Journal of Clinical Nephrology and Therapeutics

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International Conference on NEPHROLOGY AND UROLOGY
November 21-22, 2018 | Madrid ,Spain

Aikaterini Nouri

Alexander Technological Educational Institute of Thessaloniki, Greece

Scientific Tracks Abstracts : J Clin Nephrol Ther


Introduction and Aims: End-stage renal disease (ESRD) patients, undergoing maintenance hemodialysis often suffer from depression and dementia. However, the relation between diabetes and depression and/or dementia to those patients has not yet been efficiently examined. Purpose of the study was to investigate the effect of diabetes on depression and dementia in a population of chronic ESRD patients undergoing maintenance dialysis. Methods: 53 patients (mean age 69.57±13.02 years, 15 male / 38 female) undergoing maintenance thrice-weekly dialysis for 28.34±56.36 months were included in the study. 27 of them had established diabetes mellitus. During a dialysis session, all patients were interviewed using the standardized questionnaires “Mini Mental State Examination” (MMSE) and “Hospital Anxiety and Depression Scale” (HADS) to determine the level of depression and dementia. Fasting blood samples were taken in order to determine hemoglobin levels, dialysis adequacy (determined by kt/V) and serum levels of sodium, potassium, calcium and phosphorus. Inflammation status was assessed by serum levels of C-reactive protein (CRP). Results: The level of depression and dementia for the total of our population was defined as moderate (13.91±10.56 and 15.00±5.49 degrees respectively). Diabetics showed significantly higher depression level than non-diabetics (17.63±10.63 vs 10.04±9.15 respectively, p<0.05). Although dementia level was assessed as moderate for the total of our population, non-diabetics presented significantly lower dementia level than diabetic patients (13.19±5.19 vs 16.88±5.23 respectively, p<0.05). In the non-diabetic group there was a significant difference of depression level among sexes (men 8.79±7.70 vs women 13.43±12.35, p<0.05). However, there was no difference of dementia levels among men and women. CRP circulating levels were correlated with dementia (r=0.487, p<0.05), while no association was found between CRP and depression. In diabetics, no relation between dementia/depression and gender or CRP levels was established. Conclusions: ESRD dialysis patients suffer from moderate depression and dementia. In those patients, depression is closely related with the presence of diabetes. In non-diabetic dialysis patients we found a strong association of female gender and depression status and high inflammatory status with dementia.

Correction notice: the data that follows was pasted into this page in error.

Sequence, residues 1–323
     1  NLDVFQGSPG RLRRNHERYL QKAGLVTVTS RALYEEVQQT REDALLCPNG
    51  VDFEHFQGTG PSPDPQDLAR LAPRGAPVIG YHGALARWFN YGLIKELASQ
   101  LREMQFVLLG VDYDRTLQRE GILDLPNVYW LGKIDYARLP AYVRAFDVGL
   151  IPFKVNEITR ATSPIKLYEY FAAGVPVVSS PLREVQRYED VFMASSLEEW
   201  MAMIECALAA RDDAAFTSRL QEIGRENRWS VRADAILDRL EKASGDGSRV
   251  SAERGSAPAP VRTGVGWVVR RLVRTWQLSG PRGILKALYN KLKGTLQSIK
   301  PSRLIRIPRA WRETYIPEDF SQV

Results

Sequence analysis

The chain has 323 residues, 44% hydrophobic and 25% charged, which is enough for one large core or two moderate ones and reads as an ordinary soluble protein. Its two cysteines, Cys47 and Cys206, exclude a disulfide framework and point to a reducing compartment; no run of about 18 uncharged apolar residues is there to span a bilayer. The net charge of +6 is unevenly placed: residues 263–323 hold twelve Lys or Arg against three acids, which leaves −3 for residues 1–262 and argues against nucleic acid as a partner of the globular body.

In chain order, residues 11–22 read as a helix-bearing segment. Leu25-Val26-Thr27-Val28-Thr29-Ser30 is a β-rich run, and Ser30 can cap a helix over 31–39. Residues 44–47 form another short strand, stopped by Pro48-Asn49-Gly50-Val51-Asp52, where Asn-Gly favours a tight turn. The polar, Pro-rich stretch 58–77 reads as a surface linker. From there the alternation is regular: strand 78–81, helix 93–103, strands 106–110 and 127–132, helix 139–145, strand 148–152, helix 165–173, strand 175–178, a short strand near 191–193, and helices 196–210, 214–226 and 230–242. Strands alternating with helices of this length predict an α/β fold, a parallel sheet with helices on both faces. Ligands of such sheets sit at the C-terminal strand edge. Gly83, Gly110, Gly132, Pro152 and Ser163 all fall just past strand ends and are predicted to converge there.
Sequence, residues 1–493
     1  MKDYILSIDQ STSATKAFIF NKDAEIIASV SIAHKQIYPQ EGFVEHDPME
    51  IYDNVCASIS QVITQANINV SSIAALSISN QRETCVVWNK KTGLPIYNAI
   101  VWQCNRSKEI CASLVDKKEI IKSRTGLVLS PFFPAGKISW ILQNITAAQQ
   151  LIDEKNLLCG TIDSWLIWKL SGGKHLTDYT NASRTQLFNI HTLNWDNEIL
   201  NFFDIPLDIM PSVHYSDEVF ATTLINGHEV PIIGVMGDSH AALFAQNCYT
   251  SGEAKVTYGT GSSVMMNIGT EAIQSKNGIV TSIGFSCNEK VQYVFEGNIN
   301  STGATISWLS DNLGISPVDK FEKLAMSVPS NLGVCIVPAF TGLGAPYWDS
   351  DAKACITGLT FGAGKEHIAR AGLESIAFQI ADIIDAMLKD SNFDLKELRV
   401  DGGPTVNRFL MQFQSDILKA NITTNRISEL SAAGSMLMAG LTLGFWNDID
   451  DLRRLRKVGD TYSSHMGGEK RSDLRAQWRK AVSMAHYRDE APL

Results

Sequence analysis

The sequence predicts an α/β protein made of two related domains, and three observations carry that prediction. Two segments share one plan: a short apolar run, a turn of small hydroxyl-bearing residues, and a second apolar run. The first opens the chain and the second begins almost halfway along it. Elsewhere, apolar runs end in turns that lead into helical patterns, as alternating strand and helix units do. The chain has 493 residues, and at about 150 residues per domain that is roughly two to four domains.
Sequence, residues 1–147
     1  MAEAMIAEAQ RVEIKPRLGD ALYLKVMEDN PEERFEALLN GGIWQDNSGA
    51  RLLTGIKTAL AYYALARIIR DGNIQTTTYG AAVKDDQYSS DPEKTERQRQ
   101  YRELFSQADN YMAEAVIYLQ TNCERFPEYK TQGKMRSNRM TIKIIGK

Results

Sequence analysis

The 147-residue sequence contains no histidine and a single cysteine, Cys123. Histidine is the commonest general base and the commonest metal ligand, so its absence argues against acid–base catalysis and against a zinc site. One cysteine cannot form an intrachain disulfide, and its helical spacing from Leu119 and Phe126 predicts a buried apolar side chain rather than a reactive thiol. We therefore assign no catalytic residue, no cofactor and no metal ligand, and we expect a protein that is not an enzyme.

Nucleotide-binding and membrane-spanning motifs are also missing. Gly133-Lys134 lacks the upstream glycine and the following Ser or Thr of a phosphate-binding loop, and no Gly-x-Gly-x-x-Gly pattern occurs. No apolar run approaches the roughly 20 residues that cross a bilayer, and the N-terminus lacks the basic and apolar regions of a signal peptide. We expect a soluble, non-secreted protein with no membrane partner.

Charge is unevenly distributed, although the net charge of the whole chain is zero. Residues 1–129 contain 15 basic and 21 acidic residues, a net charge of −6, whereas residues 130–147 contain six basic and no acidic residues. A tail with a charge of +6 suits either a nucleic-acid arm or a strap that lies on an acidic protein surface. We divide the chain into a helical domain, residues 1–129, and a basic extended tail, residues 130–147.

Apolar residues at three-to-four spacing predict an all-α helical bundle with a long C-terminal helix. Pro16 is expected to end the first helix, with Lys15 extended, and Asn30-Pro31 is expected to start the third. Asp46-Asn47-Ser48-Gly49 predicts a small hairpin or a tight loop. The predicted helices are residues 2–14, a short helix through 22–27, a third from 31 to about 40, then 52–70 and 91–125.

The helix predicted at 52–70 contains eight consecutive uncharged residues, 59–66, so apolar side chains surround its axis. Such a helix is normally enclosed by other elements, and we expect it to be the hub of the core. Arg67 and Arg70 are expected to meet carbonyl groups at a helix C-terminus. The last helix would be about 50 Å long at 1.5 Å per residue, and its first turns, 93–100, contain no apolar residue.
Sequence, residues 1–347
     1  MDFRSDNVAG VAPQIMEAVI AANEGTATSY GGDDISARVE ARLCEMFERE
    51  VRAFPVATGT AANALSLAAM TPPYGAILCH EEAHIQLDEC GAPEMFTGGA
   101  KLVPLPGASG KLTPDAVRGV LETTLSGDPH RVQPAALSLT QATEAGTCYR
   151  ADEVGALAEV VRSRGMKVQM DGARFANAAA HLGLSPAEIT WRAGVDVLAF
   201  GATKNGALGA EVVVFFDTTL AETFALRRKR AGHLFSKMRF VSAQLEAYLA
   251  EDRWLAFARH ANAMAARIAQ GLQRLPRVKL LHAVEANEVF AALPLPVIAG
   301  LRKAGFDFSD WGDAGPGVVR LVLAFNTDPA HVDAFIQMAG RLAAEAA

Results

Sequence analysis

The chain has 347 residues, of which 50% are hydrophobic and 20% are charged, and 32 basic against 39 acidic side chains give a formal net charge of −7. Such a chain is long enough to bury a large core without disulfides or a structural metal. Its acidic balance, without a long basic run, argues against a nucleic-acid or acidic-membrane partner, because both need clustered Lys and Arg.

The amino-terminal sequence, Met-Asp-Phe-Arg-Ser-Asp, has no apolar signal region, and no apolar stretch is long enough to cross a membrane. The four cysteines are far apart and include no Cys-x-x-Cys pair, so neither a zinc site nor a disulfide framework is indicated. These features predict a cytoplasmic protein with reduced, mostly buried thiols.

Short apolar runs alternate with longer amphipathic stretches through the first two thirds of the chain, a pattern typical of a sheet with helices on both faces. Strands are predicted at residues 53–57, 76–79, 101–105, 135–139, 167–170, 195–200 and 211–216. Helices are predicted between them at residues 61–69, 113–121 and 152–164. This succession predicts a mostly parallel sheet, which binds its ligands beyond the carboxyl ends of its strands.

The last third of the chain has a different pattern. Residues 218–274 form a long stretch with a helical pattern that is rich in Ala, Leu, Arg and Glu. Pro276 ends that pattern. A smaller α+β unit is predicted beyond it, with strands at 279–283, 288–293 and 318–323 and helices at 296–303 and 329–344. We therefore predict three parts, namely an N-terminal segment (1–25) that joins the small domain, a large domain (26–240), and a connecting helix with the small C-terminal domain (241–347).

Aikaterini Nouri has completed her MSc at the age of 25 years from Alexander Technological Educational Institute of Thessaloniki and post nursing studies also from Alexander Technological Educational Institute of Thessaloniki. She is editor of essay with title “The relation between diabetes and dementia for patients undergoing dialysis”. At the 9th European nursing conference which held in Heraklion, Crete, Greece, she has presented a diabetic related essay.

E-mail: [email protected]

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